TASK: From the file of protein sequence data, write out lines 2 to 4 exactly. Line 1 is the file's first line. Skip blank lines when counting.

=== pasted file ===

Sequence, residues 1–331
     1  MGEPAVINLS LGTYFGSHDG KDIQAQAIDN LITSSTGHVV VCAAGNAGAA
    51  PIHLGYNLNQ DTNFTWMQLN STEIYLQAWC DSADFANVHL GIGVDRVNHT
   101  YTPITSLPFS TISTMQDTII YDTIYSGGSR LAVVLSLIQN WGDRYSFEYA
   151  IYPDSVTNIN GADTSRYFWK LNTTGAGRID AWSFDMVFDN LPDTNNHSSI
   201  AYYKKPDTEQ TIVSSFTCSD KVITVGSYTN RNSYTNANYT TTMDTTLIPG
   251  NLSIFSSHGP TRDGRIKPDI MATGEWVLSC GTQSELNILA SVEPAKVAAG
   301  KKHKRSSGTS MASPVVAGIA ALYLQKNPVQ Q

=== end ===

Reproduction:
     1  MGEPAVINLS LGTYFGSHDG KDIQAQAIDN LITSSTGHVV VCAAGNAGAA
    51  PIHLGYNLNQ DTNFTWMQLN STEIYLQAWC DSADFANVHL GIGVDRVNHT
   101  YTPITSLPFS TISTMQDTII YDTIYSGGSR LAVVLSLIQN WGDRYSFEYA